Media coverage of the “green” revolution in the energy sector has been significant, but certain essential technical issues have received less coverage than, perhaps, is deserved, given their importance to advancing clean energy and climate change goals. One of these issues is energy storage. Appropriately, however, the development and deployment of cost-effective energy storage technologies is increasingly understood as being essential for viable integration of renewable energy resources at levels embraced by the Obama Administration, the Department of Energy (“DOE”), state regulators and the American public.
As the DOE’s Electricity Advisory Committee and the California Integrated System Operator (ISO) have observed, integrating large amounts of renewable energy in the electric power grid is only feasible if new energy storage technologies, which facilitate the storage of off-peak energy for delivery during on-peak periods, are developed and deployed.
Senator Ronald L. Wyden (D-OR), a subcommittee chairman on the Senate Committee on Energy and Natural Resources, has championed energy storage. His Storage Technology of Renewable and Green Energy Act of 2009 (S. 1091, the “Bill”), introduced last month, focuses on encouraging storage deployment through tax credits. Specifically, the Bill provides a 20% investment tax credit for the development of grid-connected and onsite energy storage systems, and a 30% investment tax credit for the development of residential energy storage systems for individual homes. The Bill also makes Clean Renewable Energy Bonds (“CREBs”) available for energy storage systems deployed by public or cooperative power companies, which do not pay taxes. The Bill goes a long way toward advancing energy storage, and with additional clarification and expansion could fundamentally alter the landscape for energy storage and therefore renewable energy.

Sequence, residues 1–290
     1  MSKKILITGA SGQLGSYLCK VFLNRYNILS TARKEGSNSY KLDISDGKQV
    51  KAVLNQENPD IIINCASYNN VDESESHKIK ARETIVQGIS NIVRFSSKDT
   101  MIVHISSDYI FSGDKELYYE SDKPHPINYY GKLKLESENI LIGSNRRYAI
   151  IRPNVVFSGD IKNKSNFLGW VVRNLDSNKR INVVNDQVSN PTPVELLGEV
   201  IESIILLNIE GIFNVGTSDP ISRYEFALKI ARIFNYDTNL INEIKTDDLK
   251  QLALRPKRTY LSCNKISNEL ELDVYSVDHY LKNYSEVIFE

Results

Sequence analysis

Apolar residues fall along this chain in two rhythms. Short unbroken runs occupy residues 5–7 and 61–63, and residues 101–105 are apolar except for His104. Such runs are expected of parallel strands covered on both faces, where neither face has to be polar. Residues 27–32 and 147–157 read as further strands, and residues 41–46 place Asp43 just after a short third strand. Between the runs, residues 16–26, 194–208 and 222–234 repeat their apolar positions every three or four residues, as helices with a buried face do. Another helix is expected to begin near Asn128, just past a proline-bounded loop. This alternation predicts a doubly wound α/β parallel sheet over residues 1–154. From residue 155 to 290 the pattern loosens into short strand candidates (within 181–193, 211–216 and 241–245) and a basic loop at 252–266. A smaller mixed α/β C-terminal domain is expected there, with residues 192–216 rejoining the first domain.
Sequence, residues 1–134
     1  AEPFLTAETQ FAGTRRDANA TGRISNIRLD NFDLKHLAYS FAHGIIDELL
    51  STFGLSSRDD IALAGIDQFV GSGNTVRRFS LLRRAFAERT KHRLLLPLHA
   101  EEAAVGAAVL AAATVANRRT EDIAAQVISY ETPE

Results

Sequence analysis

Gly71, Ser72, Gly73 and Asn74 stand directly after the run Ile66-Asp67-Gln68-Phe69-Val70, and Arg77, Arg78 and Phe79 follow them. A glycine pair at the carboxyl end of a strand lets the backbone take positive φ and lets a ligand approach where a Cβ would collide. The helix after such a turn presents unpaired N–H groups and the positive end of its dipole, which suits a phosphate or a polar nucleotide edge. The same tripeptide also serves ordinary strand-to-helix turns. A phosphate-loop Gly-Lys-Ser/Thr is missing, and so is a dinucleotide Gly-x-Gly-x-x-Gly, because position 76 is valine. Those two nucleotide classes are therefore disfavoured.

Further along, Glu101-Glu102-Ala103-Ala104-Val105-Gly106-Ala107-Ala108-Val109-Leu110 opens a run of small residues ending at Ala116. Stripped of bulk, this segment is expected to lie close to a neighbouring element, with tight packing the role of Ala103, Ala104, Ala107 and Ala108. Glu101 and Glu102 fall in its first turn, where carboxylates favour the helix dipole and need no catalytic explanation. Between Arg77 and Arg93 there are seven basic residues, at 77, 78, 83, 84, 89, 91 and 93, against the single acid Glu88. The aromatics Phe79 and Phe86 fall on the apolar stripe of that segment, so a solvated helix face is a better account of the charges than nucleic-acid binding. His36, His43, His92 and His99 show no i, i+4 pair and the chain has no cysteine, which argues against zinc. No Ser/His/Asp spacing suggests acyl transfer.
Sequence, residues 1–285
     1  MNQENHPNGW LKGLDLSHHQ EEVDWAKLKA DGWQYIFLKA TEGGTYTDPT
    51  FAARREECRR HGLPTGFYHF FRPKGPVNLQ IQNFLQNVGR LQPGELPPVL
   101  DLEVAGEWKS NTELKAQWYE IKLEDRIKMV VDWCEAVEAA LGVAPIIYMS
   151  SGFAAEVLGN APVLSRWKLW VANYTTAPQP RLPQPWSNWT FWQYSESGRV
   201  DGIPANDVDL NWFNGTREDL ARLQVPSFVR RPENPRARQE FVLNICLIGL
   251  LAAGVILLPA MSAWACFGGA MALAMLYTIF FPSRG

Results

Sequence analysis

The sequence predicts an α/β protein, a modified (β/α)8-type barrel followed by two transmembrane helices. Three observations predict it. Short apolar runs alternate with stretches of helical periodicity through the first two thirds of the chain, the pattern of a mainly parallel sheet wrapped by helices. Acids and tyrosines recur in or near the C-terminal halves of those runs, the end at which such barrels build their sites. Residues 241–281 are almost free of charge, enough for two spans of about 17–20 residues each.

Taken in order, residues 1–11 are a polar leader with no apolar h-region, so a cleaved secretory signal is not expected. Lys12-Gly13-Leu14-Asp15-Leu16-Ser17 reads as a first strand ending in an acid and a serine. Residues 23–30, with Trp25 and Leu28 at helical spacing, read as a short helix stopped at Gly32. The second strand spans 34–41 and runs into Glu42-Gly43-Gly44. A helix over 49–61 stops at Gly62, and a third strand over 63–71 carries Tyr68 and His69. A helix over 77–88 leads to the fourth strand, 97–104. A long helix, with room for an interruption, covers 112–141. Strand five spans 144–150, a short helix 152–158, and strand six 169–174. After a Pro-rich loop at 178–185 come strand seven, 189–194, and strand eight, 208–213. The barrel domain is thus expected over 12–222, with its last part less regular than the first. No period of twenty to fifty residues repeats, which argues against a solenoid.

Grid-Connected Energy Storage
Grid-connected storage remains the holy grail, particularly for scale wind and solar installations. The Bill provides a 20% investment tax credit for the development of large scale, grid-connected energy storage systems. Such “qualified energy storage property” must be (i) directly connected to the electrical grid; and (ii) designed to receive electrical energy, to store such energy, and to convert such energy to electricity and deliver such electricity for sale. To qualify for the tax credit, the grid-connected energy storage system must, in aggregate, have the ability to store at least two megawatt hours of energy and to have an output of 500 kilowatts of electricity for a period of four hours. This equates to approximately 900 (Southeast) to 2,000 (Northeast) homes in terms of storage capacity, and over a four-hour period theoretically could peak summer afternoons in much of the country.